Longing is an instrumental electric guitar album of improvised instant compositions. Which translates to “I’ve only 2 days to record an album’s worth of material. So do it quick.” It was recorded in June 2011 when I was in Bergen, Norway for a short vacation after some improv gigs. A friend gave me access to his rehearsal space and I could record while he was away. There was a guitar, an amp, a mic and a laptop. Due to work with the Obs, it got shelved until it was resurrected last year when there was a window. Decided to follow through with its release in February this year.
The album was titled Slow Vibes before being changed to No such thing as ghosts. What prompted you to rework it?
No big story. Just a working title. Being in Bali, naturally I was in that headspace of quiet and solitude. And Slow Vibes is essentially that. The desire to slow my vibrations down. I had a couple of other options as things evolved. A helpless mind was a strong contender at one point. But I felt that No such thing as ghosts worked better in describing the mood and feel. It was also the first song that I wrote when I started. It represents the fearlessness and courage that I was hoping these songs would instill in the listener.
You’ve been blunt before on the difficulties of dedicating to your craft in a country like Singapore. How is it like to be a musician now in 2014 as compared to the 90s?
Equally difficult in certain areas while in others, I’ve learned to alter my own stubborn perspective to cope with it. Some good things have happened to the scene. We have matured somewhat. In other areas, it seems almost primitive to still retain that mindset of standards. Or to allude to these standards. What are these standards and who set them? The labels who have sold you their wares want you to believe in their gold standard. In reality, our own little small scene will continue to grow in spite of this standard.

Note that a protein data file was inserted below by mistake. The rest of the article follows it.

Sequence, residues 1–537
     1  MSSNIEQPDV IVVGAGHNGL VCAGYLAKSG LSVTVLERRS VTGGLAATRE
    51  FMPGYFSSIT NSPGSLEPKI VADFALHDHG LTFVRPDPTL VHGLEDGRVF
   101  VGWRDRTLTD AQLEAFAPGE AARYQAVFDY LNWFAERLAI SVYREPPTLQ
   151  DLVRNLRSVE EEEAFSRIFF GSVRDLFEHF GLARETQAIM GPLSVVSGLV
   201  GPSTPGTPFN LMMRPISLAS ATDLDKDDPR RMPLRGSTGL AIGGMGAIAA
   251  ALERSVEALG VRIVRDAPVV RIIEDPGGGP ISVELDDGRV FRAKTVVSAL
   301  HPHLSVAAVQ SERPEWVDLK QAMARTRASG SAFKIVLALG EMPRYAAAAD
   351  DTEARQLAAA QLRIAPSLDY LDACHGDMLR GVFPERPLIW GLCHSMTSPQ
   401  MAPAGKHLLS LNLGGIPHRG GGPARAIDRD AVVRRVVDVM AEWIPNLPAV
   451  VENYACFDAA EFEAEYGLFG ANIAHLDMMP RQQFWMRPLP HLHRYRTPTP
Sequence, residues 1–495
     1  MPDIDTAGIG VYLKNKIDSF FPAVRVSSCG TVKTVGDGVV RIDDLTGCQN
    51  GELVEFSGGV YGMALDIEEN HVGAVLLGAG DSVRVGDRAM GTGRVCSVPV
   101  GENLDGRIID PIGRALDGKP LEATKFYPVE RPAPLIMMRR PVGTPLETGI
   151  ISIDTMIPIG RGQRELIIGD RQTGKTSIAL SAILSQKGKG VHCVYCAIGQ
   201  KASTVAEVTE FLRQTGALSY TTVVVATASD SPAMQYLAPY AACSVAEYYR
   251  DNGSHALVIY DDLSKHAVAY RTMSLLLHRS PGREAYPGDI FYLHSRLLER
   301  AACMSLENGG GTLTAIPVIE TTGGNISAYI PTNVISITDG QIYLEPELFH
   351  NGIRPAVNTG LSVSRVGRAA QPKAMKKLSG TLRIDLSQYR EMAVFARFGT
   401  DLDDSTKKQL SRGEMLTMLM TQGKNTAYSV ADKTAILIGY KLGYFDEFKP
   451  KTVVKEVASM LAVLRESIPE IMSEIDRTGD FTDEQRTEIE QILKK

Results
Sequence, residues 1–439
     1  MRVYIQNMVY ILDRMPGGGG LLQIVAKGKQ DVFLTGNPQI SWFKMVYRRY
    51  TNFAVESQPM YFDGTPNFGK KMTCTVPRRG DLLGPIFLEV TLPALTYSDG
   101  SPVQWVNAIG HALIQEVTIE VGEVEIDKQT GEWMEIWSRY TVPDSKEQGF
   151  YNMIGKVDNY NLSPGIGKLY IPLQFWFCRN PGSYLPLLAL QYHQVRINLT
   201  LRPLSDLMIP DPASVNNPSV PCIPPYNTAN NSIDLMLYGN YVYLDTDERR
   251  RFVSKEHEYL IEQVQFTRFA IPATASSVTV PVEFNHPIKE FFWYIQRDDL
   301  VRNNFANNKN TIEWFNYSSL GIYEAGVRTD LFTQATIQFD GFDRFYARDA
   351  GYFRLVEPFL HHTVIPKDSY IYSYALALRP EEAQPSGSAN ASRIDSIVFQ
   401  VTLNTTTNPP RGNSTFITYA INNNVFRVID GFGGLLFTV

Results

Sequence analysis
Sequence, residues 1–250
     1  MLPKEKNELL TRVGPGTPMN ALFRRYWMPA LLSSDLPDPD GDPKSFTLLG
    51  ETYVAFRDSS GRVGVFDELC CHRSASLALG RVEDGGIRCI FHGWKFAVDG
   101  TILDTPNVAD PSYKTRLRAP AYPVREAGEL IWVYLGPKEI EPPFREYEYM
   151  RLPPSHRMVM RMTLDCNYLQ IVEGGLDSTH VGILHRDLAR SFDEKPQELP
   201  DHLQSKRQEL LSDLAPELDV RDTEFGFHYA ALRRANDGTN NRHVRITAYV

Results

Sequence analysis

There will be a continuous flux of bands that are building their own identity. Mixing influences from all over the world into what we can call our own. That’s us. It’s good to note that the old hierarchy of the record label industry is now dying a slow death, tightening its last grip on the internet. What we grew to love in an industry that brought us our favourite musicians since the 50s and 60s, is now a pale shadow of its former glorious self. So they can ring their own bells all they want but it never excites me these days, all that polish and pomp. As a musician in 2014, I’ve learned to embrace my Southeast-asian roots, our rawness, the sound of our Singlish, and the beauty of microtonal differences in the music of our region.
Top 5 Influential Albums
These were on heavy rotation on tour during the making of Oscilla and No such thing as ghosts:
Mick Softley | Street Singer
Lasse Marhaug introduced this to me. I can’t stop recommending this to everyone. It’s a great album. Great production and performances from a lot of the great players in the UK folk rock scene. Richard Thompson plays on this. Mick’s voice and style is so wide in its range. Songwriting is what I go back to often and there are gems in here.
Neil Young | Everybody Knows This Is Nowhere
I was re-listening to a lot of Neil Young this year. This particular one I fell in love with when I was in college. Couldn’t stop listening to it. This time around the idea for Oscilla came directly from this record. Lead and rhythm guitar interplay has always been a fascination of mine with Crazy Horse. Meandering but still moving forward with emotion. The interplay between the late great Danny Whitten and Neil Young is just amazing here.
Lo Borges | Meus Momentos
Great songwriter period. I wish I could make out the nuances in the language, but mostly I’m just listening in to the changes in harmonic content. How his vocal melodies sit in his chords and the mood it creates. This is one of his earlier ones.
John Coltrane (with Alice Coltrane) | Infinity
Divine. The power of their unity. It engulfs you.
Franco Leprino | Integrati… Disintegrati
Stumbled onto this obscure 1977 release from Italian prog rock composer. It has a great mix of synth, flutes, acoustic guitars, Musique concrète and baby sounds. Repeated motifs and great atmosphere.